_British and Foreign State Papers_, 1854-5, p. 1156.
 Cluskey, _Political Text-Book_ (14th ed.), p. 585.
 _De Bow’s Review_, XXII. 223; quoted from Andrew Hunter of Virginia.
 _Ibid._, XVIII. 628.
 _Ibid._, XXII. 91, 102, 217, 221-2.
 From a pamphlet ent.i.tled “A New Southern Policy, or the Slave Trade as meaning Union and Conservatism;” quoted in Etheridge’s speech, Feb. 21, 1857: _Congressional Globe_, 34 Cong. 3 sess., Appendix, p. 366.
 _De Bow’s Review_, XXIII. 298-320. A motion to table the motion on the 8th article was supported only by Kentucky, Tennessee, North Carolina, and Maryland. Those voting for Sneed’s motion were Georgia, Maryland, North Carolina, and Tennessee. The appointment of a slave-trade committee was at first defeated by a vote of 48 to 44. Finally a similar motion was pa.s.sed, 52 to 40.
 _De Bow’s Review_, XXIV. 473-491, 579-605. The Louisiana delegation alone did not vote for the last resolution, the vote of her delegation being evenly divided.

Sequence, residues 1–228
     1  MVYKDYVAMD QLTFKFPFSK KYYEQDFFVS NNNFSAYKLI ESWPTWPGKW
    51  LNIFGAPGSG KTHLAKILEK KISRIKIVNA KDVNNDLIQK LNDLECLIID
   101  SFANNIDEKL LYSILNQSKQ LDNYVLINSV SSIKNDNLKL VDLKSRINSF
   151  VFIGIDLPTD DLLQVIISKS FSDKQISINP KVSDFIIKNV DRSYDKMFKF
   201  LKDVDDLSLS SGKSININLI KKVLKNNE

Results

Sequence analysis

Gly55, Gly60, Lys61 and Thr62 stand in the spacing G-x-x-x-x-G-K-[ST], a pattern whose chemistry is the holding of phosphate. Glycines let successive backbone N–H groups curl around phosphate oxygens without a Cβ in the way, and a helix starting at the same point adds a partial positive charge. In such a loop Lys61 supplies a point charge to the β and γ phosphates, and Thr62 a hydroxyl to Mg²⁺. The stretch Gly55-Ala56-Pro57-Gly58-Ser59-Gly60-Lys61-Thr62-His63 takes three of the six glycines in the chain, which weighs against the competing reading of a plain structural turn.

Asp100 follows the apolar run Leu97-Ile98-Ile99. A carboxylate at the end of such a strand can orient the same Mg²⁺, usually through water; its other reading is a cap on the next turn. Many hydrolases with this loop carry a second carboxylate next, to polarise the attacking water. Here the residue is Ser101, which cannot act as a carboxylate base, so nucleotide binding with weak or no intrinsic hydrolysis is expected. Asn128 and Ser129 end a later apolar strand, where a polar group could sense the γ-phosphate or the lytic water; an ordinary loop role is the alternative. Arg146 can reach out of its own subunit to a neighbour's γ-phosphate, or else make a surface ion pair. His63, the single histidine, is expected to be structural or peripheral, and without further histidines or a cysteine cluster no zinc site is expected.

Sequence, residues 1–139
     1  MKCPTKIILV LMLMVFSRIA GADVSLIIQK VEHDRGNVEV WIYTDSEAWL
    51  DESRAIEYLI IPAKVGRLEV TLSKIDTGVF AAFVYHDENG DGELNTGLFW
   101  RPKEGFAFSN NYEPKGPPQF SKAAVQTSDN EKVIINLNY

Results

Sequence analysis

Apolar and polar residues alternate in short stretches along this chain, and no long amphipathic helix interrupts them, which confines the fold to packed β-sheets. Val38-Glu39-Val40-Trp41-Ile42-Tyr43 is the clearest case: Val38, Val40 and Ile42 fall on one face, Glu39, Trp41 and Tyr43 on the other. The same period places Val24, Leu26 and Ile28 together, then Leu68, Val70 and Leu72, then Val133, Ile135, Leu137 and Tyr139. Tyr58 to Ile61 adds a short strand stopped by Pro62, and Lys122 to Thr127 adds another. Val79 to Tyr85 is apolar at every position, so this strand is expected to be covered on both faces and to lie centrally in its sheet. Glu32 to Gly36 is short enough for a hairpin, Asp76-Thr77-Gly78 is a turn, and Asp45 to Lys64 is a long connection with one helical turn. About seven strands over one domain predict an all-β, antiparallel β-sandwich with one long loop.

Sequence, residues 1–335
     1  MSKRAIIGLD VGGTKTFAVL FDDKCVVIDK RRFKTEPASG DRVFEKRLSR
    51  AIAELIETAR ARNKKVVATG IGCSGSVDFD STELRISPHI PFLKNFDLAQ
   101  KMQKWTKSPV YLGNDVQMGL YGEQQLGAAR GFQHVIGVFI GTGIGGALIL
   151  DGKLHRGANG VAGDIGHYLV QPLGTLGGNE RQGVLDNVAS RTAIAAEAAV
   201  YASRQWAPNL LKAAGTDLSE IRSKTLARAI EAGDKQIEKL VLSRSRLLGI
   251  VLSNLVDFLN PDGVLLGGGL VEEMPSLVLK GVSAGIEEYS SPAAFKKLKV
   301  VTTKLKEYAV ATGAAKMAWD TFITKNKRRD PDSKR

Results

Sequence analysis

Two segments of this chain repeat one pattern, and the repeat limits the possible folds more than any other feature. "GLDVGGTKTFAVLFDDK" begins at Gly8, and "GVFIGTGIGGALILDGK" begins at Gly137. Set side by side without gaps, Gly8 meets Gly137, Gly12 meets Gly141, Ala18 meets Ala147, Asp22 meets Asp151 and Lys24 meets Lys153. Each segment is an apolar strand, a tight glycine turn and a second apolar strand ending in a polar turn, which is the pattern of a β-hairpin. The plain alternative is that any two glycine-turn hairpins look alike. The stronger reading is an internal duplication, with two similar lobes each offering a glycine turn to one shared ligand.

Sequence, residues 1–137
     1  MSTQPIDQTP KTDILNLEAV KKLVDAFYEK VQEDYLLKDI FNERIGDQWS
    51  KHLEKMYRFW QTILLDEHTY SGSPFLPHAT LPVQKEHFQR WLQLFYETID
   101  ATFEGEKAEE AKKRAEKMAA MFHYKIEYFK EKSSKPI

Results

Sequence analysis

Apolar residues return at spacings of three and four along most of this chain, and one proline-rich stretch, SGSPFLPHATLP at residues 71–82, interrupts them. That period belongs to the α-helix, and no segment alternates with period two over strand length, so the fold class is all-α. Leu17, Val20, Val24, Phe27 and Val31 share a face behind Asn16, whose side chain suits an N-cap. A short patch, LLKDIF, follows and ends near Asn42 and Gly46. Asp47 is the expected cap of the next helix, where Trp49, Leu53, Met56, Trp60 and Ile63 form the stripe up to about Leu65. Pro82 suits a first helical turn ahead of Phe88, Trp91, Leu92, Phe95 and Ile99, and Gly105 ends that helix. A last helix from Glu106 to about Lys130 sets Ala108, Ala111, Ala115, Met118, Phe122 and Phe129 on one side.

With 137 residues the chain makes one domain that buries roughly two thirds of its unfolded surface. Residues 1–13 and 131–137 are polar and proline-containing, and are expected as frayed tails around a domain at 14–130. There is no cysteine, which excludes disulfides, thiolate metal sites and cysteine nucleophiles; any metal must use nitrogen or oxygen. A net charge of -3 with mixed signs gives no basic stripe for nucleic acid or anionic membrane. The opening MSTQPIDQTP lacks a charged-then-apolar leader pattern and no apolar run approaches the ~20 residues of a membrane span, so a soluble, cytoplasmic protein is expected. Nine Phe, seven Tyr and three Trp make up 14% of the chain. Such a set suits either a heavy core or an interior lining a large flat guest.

_De Bow’s Review_, XXVII. 94-235.
 H.S. Foote, in _Bench and Bar of the South and Southwest_, p. 69.
 _De Bow’s Review_, XXVII. 115.
 _Ibid._, p. 99. The vote was:–
_Yea._ _Nay._ Alabama, 5 votes. Tennessee, 12 votes.
Arkansas, 4 ” Florida, 3 “
South Carolina, 4 ” South Carolina, 4 “
Louisiana, 6 ” Total 19 Texas, 4 “
Georgia, 10 ” Virginia, Maryland, Kentucky, and Mississippi, 7 ” North Carolina did not vote; they either Total 40 withdrew or were not represented.
 Quoted in _26th Report of the Amer. Anti-slav. Soc._, p.
38. The official organ was the _True Southron_.
 Quoted in _24th Report of the Amer. Anti-slav. Soc._, p.
 Quoted in _26th Report_, _Ibid._, p. 43.
 _27th Report_, _Ibid._, pp. 19-20.
 Letter of W.C. Preston, in the _National Intelligencer_, April 3, 1863. Also published in the pamphlet, _The African Slave Trade: The Secret Purpose_, etc., p. 26.
 Quoted in Etheridge’s speech: _Congressional Globe_, 34 Cong. 3 sess. Appen., p. 366.
 _House Journal_, 34 Cong. 3 sess. pp. 105-10; _Congressional Globe_, 34 Cong. 3 sess. pp. 123-6; Cluskey, _Political Text-Book_ (14th ed.), p. 589.
 _House Journal_, 35 Cong. 2 sess. pp. 298-9. Cf. _26th Report of the Amer. Anti-slav. Soc._, p. 45.
 Cf. _Reports of the Amer. Anti-slav. Soc._, especially the 26th, pp. 43-4.
 _Ibid._, p. 43. He referred especially to the Treaty of 1842.
 _Ibid._; _Congressional Globe_, 35 Cong. 2 sess., Appen., pp. 248-50.
 _26th Report of the Amer. Anti-slav. Soc._, p. 44.